March 6 – 2nd Annual Rare Plant Silent Auction
2nd Annual Rare Plant Silent Auction
The Memphis Horticultural Society presents its 2nd Annual Rare Plant Auction. Join us Tuesday, March 6, at 6:00 p.m. in the Goldsmith Room of the Memphis Botanic Garden for a lively silent auction of rare and unusual plants. Appetizers, cash bar and entertainment too!
Members are free and guests are $5.00
I’ve been told by several that they don’t know what a rare plant is or rather they don’t have any rare plants. With enough marketing just about anything can be rare. This past spring we needed a vine that was fragrant and convinced ourselves that honeysuckle was rare and worthy (it has since been pulled out and destroyed). At last year’s first Rare Plant Auction, the plant to bring the highest price was a polka dot begonia. Most of us were amazed that there would be a bidding war over a begonia. So I have concluded that a rare plant is one that you want but is hard to find in the trade. There are several things I’ve been looking for — for years. Most of them are sentimental childhood plants that I would like to see again — flowering almond shrubs, Amaryllis johnsonii (the first hybrid amaryllis that is hardy to our area) and more. There is the unknown climbing rose that grew in the vacant lot next to my first home on Princeton that I dug up and gave to my mother in Corinth and she grew it along her garage trellis (pictured at right). How about the Meyer lemon that so many Memphians have and share the fruit. Yet another is Chinese Snowball Viburnum or Viburnum macrocephalum which I first saw in Buff Adam’s yard and then finally found it at Dabney’s during Spring Fling. I bought two and they have now outgrown their places and will be root pruned and moved this spring. So you see, rare may even mean covetous!
But the ultimate rare plant for me is Smilax smallii, or Jackson Vine (pictured at right). This is not your nasty cat brier. Everyone is Corinth who had a baby girl grew Jackson Vine for her wedding 20 plus years later. It is evergreen, has thorns on the lower stalks only, and has got to be the most beautiful vine in the world-all year long. I did a program in Corinth 3 years ago and they asked me what I charged. I told them a Jackson Vine. (You can ONLY get it as a pass-along as it grows from a potato like tuber that gets to be gigantic.) I did some research on it for a plant list for a Florida development I was working on and it is on their endangered list because of the cutting from the wild and shipping North for weddings. I am now a proud owner of this prized, rare vine. I wish it were big enough to cut up and offer at this year’s MHS Rare Plant Auction, but alas, it is not. But in a few more years I will have some to offer. Until then you will see some of my other favorites. Maybe that’s what we should have called it: The Favorites Auction.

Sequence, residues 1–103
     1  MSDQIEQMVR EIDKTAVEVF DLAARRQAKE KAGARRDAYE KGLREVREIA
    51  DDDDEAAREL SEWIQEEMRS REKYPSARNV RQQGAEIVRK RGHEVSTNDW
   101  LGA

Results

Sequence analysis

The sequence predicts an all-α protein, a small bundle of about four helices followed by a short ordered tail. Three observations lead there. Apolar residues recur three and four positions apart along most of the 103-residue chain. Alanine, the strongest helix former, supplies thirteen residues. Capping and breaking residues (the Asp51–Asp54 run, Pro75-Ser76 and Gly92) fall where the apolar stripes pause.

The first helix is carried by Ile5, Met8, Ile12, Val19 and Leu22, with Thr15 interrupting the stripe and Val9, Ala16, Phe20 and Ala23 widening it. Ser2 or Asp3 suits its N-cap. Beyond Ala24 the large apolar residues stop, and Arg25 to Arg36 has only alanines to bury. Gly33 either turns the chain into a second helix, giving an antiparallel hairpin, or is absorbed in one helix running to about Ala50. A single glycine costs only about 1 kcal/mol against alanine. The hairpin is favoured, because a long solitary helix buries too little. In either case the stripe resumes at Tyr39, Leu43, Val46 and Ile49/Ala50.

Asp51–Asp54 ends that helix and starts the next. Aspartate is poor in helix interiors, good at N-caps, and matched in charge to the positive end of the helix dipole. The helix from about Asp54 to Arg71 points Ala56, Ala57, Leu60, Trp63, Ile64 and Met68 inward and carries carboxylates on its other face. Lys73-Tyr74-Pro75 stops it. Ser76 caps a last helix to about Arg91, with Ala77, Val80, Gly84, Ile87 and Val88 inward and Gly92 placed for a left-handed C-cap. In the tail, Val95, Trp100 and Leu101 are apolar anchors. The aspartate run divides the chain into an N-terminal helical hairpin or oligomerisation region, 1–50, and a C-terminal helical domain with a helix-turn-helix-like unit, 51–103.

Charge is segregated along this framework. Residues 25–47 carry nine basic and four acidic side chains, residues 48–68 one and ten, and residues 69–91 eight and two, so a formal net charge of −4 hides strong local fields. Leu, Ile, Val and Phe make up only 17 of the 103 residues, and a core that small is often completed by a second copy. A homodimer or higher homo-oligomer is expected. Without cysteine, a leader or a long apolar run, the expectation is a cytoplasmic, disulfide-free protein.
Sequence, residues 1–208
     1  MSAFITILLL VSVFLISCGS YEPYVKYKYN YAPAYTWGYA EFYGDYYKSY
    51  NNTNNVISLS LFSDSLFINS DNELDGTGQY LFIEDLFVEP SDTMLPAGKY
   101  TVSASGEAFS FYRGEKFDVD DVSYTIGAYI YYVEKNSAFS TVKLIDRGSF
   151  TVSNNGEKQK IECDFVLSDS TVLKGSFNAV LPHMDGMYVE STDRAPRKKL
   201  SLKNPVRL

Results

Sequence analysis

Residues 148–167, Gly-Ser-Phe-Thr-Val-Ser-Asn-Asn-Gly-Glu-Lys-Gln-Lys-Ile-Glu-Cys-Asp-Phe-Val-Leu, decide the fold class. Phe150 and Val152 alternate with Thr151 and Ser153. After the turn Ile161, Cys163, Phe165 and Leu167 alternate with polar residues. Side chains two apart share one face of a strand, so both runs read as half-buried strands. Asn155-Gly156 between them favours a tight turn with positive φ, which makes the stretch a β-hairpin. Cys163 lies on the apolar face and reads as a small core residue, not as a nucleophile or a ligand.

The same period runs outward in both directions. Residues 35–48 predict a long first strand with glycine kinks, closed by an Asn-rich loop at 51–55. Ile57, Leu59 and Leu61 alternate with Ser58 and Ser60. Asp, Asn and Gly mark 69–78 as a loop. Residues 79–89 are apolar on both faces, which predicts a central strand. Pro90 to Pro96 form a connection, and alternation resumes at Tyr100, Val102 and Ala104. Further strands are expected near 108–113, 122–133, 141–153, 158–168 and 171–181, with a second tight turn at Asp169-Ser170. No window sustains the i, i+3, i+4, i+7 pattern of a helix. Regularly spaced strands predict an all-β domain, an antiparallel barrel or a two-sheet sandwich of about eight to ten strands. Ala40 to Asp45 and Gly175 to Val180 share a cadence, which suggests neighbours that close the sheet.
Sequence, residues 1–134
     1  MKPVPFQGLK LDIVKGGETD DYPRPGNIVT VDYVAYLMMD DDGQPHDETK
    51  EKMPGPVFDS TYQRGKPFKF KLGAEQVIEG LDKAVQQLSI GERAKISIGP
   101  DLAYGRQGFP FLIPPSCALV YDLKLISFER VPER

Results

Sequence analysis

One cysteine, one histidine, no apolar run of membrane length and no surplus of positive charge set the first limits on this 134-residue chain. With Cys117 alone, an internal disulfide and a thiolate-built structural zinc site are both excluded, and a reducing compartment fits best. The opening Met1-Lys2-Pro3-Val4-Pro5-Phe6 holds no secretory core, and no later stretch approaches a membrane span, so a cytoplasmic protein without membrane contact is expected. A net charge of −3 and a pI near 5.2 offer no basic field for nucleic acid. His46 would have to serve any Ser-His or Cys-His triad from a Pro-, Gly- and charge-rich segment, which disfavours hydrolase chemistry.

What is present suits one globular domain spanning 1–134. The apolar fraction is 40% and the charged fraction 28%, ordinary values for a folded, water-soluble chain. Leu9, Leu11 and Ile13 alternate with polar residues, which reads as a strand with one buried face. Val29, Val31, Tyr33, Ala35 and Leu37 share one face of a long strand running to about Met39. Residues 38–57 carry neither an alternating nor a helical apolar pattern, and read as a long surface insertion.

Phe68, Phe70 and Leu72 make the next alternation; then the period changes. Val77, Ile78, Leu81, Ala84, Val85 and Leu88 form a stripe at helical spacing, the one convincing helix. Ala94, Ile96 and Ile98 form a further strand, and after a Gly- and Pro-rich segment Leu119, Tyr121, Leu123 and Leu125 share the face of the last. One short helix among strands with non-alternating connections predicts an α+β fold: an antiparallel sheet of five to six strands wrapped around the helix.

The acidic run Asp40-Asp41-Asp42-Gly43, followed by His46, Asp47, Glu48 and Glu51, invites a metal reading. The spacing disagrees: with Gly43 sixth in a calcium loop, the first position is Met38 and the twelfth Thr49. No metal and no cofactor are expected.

As a member you should bring an appetizer to share and come to the Auction and bid. The money goes for a good cause: education and programming for MHS. It’s a lot of fun and you might find that special something you’ve been looking a lifetime for—just not my Jackson Vine.
Your humble president,